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Heat risks increase for workers in the South, new study says

A man wipes sweat from his face.
Matias J. Ocner
Miami Herald
Gilberto Lujano, 49, wipes sweat from his face after while working on a roof on Tuesday, May 2, 2023, in Homestead, Fla.

TALLAHASSEE -- After Florida lawmakers this year barred local heat protections for workers, a new study cites “strong and robust evidence that excessive heat increases the frequency of injuries” to workers — with risks particularly in the South.

The Workers Compensation Research Institute last week released the study, which uses workers’ compensation insurance claims data and temperature data from 2016 to 2021. The study included data from 24 states in the South, Midwest and Northeast.

In part, it found that the probability of work-related accidents increases by 5% to 6% when maximum daily temperatures top 90 degrees, compared to days when temperatures are 65 degrees to 70 degrees. It also cited a “clear increase” in numbers of days with temperatures over 90 degrees and 100 degrees over a four-decade period.

“It is apparent that excessive heat has become more frequent, and if these trends continue, the result will be more heat exposure for the workforce,” the study said.

READ MORE: Florida blocks heat protections for workers right before summer

The study was released less than a month after Gov. Ron DeSantis signed a bill (HB 433) that includes preventing local governments from requiring heat-exposure protections for workers. The bill, which also will prevent local governments from placing wage requirements on contractors, drew heavy debate during this year’s legislative session and was backed by business groups.

The heat-related part of the bill came after the Miami-Dade County Commission last year considered a proposal to require construction and agriculture companies to take steps such as ensuring that workers have access to water and giving them 10-minute breaks in the shade every two hours when the heat index is at least 95 degrees, according to a House staff analysis.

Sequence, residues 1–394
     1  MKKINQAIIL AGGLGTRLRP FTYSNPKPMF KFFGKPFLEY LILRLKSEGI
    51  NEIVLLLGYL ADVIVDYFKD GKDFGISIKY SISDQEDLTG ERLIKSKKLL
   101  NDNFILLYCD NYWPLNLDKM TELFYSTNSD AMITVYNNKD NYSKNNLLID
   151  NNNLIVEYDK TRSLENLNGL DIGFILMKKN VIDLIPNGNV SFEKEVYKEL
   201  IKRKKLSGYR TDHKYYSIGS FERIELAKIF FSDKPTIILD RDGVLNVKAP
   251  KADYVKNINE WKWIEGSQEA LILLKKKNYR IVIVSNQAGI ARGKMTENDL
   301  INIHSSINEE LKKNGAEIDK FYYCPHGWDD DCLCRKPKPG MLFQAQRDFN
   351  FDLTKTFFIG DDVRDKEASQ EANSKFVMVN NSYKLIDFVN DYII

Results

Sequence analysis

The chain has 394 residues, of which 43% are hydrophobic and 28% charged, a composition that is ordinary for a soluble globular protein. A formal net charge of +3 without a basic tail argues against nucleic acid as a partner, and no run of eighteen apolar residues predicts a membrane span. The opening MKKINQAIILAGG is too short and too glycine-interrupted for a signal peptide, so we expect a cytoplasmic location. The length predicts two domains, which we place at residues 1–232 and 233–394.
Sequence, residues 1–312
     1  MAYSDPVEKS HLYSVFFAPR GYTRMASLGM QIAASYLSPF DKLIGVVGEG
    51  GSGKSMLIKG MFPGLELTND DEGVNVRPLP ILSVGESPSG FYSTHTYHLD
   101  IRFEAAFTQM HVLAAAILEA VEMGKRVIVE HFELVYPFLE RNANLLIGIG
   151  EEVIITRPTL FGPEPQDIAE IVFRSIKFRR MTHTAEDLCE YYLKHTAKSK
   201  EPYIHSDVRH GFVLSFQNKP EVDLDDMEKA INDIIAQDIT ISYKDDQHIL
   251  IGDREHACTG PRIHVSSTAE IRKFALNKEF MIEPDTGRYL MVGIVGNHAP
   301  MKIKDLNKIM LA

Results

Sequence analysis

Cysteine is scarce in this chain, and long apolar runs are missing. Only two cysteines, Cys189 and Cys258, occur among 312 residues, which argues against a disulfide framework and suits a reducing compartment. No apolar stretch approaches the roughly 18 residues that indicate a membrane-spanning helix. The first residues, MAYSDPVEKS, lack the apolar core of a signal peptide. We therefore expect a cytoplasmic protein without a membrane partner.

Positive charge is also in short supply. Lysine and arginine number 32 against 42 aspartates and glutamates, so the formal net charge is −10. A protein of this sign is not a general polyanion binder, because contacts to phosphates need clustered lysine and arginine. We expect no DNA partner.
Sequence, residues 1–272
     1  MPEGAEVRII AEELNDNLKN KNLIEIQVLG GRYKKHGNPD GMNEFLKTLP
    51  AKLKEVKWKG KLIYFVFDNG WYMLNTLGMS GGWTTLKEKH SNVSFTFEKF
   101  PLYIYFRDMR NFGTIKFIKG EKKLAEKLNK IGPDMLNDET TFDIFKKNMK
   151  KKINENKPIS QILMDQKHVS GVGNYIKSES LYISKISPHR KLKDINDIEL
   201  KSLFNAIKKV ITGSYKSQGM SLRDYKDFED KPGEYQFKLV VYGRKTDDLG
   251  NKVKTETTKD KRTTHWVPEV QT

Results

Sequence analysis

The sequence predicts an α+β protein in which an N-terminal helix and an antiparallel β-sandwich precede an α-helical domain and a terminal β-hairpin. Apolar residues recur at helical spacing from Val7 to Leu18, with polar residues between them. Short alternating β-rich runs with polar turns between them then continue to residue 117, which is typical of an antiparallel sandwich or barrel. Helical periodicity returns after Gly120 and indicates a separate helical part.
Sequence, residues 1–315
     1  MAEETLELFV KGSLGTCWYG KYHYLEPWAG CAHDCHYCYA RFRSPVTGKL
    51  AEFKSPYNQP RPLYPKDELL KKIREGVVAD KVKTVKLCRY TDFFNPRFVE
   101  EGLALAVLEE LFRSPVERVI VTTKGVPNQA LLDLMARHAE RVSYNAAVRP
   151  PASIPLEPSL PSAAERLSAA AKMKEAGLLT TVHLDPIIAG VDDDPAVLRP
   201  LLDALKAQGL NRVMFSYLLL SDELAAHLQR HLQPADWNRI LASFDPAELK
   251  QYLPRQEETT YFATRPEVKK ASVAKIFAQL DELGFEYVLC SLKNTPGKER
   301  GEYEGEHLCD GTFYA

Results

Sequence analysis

Supporters of the bill said it would prevent a patchwork of regulations and that employers already face requirements to protect workers from heat-related injuries. For example, Associated Industries of Florida said on its website in March that there “are clear standards employers must meet and this bill will prevent another level of regulation in this area and an unlevel regulatory playing field.”

But dozens of organizations, such as the Center for Biological Diversity, Earthjustice, the League of Women Voters of Florida, the Farmworker Association of Florida and the NAACP Florida State Conference, urged DeSantis to veto the bill. One letter, for example, said preempting “local governments’ ability to protect workers from climate-caused extreme heat is inhumane and will have enormous negative economic impacts when lost productivity is taken into account.”

The non-profit Workers Compensation Research Institute conducts studies of issues related to workers’ compensation insurance. A list of members and supporters on its website includes insurers, health-care companies and major businesses, such as Publix Super Markets, Inc. and The Walt Disney Co.

The new study looked at temperature ranges and what it described as “direct” injuries to workers, such as heat exhaustion, and “indirect” injuries. As an example, an indirect injury could involve a worker growing fatigued and falling off a ladder.

While researchers found an overall increase in risks as temperatures rose, researchers wrote that “we detected the largest effects of excessive heat in the South” and cited higher risks in the construction industry.

The study said that under the federal Occupational Safety and Health Act, employers are responsible for “providing workplaces free of known safety and health hazards (also known as the ‘general duty’ clause), including protecting workers from heat-related hazards.”

But it said “there is no federal occupational health and safety standard in effect to protect workers from heat exposure. OSHA has been taking steps toward the creation of a federal standard protecting workers against excessive heat that would more clearly set forth employer obligations and measures.”

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